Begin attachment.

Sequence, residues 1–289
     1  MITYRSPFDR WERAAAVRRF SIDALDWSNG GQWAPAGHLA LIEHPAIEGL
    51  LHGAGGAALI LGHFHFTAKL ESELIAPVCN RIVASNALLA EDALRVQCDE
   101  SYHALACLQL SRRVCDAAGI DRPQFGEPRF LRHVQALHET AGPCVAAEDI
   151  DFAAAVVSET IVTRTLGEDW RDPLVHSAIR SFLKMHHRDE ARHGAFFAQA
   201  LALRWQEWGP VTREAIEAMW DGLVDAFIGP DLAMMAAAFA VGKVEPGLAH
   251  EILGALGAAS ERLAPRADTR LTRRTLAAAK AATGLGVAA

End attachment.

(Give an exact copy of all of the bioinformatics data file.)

Sequence, residues 1–289
     1  MITYRSPFDR WERAAAVRRF SIDALDWSNG GQWAPAGHLA LIEHPAIEGL
    51  LHGAGGAALI LGHFHFTAKL ESELIAPVCN RIVASNALLA EDALRVQCDE
   101  SYHALACLQL SRRVCDAAGI DRPQFGEPRF LRHVQALHET AGPCVAAEDI
   151  DFAAAVVSET IVTRTLGEDW RDPLVHSAIR SFLKMHHRDE ARHGAFFAQA
   201  LALRWQEWGP VTREAIEAMW DGLVDAFIGP DLAMMAAAFA VGKVEPGLAH
   251  EILGALGAAS ERLAPRADTR LTRRTLAAAK AATGLGVAA